Eighteen months after Japan's devastating earthquake and tsunami, nearly half of the post-disaster recovery budget has not been spent, and the authorities have funnelled vast sums into unrelated projects like sports stadiums and protection for its whaling fleets.
These were the damning findings of a new government audit; to compound them, another study has just revealed that a quarter of the nearly $239bn budget was used on projects that would not benefit anyone in the disaster zone.
The news has sparked outrage, not least because more than 325,000 people remain displaced in the wake of the March 2011 earthquake, tsunami and resulting nuclear crisis. But the anger is not new. In the aftermath of the earthquake, the mothers from the devastated city of Fukushima, furious at government inaction, led Japanese citizens in demanding the evacuation of children and their families trapped in radiation hot spots, and then in calling for relief and recovery.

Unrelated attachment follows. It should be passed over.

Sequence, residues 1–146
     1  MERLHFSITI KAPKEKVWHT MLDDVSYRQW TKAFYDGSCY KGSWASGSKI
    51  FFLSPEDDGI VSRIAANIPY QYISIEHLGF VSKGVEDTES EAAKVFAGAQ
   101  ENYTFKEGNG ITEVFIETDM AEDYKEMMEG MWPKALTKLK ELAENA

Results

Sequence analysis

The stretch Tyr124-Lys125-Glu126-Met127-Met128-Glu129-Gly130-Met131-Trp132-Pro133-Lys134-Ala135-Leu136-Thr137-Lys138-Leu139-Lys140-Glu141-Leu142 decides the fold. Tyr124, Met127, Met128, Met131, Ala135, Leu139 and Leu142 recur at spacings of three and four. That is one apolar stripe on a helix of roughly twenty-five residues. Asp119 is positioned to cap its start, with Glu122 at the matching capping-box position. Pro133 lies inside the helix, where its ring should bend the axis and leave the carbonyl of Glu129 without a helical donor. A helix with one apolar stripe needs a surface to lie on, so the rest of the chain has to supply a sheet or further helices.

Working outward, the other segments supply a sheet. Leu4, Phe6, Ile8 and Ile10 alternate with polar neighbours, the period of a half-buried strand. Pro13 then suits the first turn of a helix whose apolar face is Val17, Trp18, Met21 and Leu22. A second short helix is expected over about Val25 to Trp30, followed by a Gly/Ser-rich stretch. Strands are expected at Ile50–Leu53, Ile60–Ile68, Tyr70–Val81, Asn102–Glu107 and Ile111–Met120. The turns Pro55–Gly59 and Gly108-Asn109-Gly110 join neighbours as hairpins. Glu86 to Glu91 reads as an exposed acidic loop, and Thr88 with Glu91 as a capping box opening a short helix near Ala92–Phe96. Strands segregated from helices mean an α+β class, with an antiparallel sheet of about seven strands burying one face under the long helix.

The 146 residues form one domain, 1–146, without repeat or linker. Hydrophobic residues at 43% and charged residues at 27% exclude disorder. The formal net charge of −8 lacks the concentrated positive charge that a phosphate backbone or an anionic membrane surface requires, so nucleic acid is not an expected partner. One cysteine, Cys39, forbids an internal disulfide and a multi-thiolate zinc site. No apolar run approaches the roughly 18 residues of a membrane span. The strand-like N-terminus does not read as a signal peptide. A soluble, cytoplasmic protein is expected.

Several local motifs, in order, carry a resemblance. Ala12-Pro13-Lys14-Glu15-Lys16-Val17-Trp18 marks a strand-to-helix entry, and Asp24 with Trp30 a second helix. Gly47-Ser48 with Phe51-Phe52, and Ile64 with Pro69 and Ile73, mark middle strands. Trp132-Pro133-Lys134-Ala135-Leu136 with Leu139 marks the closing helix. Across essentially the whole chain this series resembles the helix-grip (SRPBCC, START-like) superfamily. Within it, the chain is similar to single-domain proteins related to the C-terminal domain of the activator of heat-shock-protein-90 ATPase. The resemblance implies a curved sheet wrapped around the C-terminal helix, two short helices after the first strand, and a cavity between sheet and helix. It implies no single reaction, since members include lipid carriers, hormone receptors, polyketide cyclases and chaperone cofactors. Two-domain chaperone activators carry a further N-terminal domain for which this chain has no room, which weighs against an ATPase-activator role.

Despite their heroic efforts, a year and a half after the catastrophe the government's response is still grossly inadequate. A number of hospitals in the area are still shut down, and 60% of applications from small business owners in the area seeking assistance to get back up and running have been denied.
These latest findings have put pressure on Prime Minister Yoshihiko Noda, who ran on a platform of transparency for public spending. He responded this week by vowing to "wring out" spending on unrelated projects and acknowledged that "the government has not done enough and has not done it adequately." For the hundreds of thousands still suffering in the aftermath of Japan’s triple catastrophe, this is too little, too late.
Sources: New York Times, Avaaz, Guardian